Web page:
There is no specific treatment for horses affected with WNV. Up to 35 per cent of horses showing clinical disease may die or have to be euthanized because of complications of the disease. Some recovered horses may exhibit permanent neurological deficits.

WNV - a Provincially Notifiable Disease in Alberta

WNV infection in horses, mules and donkeys is a provincially Notifiable Disease under the Reportable and Notifiable Diseases Regulation under the Animal Health Act. This legislation requires anyone suspecting or knowing of a horse (and mule or donkey) infected with WNV to report that fact to the Chief Provincial Veterinarian’s office at (780) 427-3448 (M-F 8:15am to 4:30pm) and 1-800-524-0051 (after business hours)The federal government has made WNV in any species of animal or bird an Immediately Notifiable Disease under Canada’s Health of Animals Act. This requires diagnostic laboratories to report the diagnosis of WNV to the Canadian Food Inspection Agency within 48 hours.

Testing Horses

Horses are incidental hosts and the level of virus in their blood is very low for a short period of time. Mosquitoes feeding on infected horses are not likely to become infected. There is no scientific evidence to indicate that WNV can be transmitted directly from horses to other species, including humans. Therefore, quarantine of affected horses is not necessary. Detection of exposure to WNV in most horses is restricted to a blood test that identifies antibodies to WNV. Routine testing of horses is not recommended, even if the virus has been confirmed in the area. Specialized laboratory tests can confirm the presence of WNV in the brain or spinal cord of horses dying or being euthanized and are available to your veterinarian.

Treatment for Horses

There is no specific therapy for WNV infection. Veterinarians use supportive therapy such as intravenous fluids and good nursing care to prevent secondary infections.

Protecting Horses from Infection with WNV

Although the risk of disease in any individual horse is very low, the consequences for some affected horses can be severe. Preventive measures should be discussed with your local veterinarian. These measures include minimizing exposure to Culex tarsalis mosquitoes. This species of mosquito breeds in small, warm, still puddles of water. These puddles of water include those found in poorly drained eaves troughs, bird baths, discarded rubber tires and even hoof prints formed in mud. Consideration must be given to providing screened housing and avoiding outdoor activities during peak times of mosquito feeding, such as dawn and dusk. Using topical insect repellents and/or smudges may also be useful. Reduce potential mosquito breeding sites by eliminating standing water, cleaning water troughs weekly and keeping grass levels short around buildings.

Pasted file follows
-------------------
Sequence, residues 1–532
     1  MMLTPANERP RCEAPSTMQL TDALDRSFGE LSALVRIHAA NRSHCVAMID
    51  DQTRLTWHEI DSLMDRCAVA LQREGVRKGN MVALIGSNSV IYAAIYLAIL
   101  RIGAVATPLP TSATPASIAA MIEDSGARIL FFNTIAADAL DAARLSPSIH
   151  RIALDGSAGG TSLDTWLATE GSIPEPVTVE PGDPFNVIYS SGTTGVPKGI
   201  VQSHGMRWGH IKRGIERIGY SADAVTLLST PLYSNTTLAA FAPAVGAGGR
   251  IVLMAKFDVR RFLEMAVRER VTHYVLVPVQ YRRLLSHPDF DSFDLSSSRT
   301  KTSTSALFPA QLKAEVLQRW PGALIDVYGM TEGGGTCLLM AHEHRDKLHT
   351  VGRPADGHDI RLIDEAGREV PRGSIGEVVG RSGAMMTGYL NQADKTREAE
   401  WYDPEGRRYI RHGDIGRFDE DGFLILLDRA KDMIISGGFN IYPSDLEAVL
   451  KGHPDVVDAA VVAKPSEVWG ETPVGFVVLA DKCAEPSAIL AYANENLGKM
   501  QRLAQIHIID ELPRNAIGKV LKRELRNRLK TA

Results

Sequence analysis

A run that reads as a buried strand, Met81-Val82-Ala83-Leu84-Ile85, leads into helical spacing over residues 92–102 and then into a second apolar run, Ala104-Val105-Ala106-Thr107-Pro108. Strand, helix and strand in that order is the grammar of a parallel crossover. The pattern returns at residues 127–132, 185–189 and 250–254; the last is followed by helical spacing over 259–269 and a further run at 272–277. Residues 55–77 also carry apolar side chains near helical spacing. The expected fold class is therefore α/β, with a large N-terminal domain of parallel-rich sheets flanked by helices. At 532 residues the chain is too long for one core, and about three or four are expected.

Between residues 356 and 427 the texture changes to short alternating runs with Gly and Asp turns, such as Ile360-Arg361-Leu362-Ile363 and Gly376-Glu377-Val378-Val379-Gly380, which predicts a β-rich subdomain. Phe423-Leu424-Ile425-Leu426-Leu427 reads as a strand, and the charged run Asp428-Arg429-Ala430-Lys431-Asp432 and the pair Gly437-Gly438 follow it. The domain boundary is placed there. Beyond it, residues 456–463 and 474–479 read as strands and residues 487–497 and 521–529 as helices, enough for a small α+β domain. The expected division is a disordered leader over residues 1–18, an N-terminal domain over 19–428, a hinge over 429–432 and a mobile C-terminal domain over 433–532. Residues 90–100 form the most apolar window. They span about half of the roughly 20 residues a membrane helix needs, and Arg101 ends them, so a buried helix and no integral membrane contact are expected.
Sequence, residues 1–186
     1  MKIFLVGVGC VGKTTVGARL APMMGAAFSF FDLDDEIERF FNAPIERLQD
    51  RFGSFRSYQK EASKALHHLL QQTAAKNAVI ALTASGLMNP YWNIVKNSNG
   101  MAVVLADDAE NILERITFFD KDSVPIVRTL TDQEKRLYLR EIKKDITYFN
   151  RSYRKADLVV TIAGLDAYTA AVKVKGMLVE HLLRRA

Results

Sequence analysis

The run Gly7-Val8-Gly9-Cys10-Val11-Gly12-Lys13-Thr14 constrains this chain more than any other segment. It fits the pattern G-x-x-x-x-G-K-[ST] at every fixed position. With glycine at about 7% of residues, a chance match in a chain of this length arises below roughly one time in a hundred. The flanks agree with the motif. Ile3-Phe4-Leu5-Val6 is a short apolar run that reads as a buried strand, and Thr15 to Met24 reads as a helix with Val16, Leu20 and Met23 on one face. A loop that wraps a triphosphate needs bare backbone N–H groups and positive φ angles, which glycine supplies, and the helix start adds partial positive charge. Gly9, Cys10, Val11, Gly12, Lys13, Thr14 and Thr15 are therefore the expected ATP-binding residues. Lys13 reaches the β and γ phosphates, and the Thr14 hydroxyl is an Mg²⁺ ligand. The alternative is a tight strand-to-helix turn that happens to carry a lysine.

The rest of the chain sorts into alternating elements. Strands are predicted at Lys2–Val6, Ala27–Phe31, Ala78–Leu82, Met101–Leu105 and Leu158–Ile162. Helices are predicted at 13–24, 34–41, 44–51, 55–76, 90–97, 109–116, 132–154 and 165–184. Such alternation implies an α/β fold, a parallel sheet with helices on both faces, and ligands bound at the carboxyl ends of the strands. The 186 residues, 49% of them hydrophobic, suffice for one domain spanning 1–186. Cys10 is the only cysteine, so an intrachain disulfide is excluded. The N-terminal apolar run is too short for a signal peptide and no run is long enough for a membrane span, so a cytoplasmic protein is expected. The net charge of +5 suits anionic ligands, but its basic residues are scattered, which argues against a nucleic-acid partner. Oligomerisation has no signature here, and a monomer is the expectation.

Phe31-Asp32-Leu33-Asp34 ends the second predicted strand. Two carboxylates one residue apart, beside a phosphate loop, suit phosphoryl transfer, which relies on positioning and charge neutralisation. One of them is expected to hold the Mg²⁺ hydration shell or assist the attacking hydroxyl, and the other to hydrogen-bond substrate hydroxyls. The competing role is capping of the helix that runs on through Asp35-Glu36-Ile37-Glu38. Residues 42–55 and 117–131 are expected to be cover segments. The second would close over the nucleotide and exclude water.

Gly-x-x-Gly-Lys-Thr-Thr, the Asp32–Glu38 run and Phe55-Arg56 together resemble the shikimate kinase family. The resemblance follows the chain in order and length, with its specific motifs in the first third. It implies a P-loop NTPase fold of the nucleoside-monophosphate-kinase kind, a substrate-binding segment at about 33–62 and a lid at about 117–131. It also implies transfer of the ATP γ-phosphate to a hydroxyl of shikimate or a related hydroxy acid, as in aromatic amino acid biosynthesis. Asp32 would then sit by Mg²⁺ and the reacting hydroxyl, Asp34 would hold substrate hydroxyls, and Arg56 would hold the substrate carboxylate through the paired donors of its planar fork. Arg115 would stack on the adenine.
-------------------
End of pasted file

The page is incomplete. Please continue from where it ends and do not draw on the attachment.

Vaccines against WNV are licensed in Canada for use in horses and are available from veterinarians. Horse owners should contact their veterinarian for information about the vaccines available and recommendations about their use as part of a comprehensive disease prevention program. Vaccinated horses intended for export to the European Union or Japan will require certification of vaccination. Consult with the nearest district office of the Canadian Food Inspection Agency for up-to-date export requirements.

Prepared by:
The Office of the Chief Provincial Veterinarian

Animal Health Branch
Food Safety and Animal Health Division
Alberta Agriculture and Rural Development

For more information
Visit Alberta Agriculture and Rural Development’s Ropin’ the Web website: http://www.agric.gov.ab.ca
See the WNV fact sheet and update on the Chief Provincial Veterinarian’s website: http://www.agric.gov.ab.ca/chiefvet

Contact Alberta Agriculture and Rural Development’s Ag-Info Centre (toll free) at 1-866-882-7677.

Source: Agdex 663-45. Revised August 2012.

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For more information about the content of this document, contact Brett Oliver-Lyons.
This document is maintained by Jennifer Rutter.
This information published to the web on January 1, 2004.
Last Reviewed/Revised on December 7, 2018.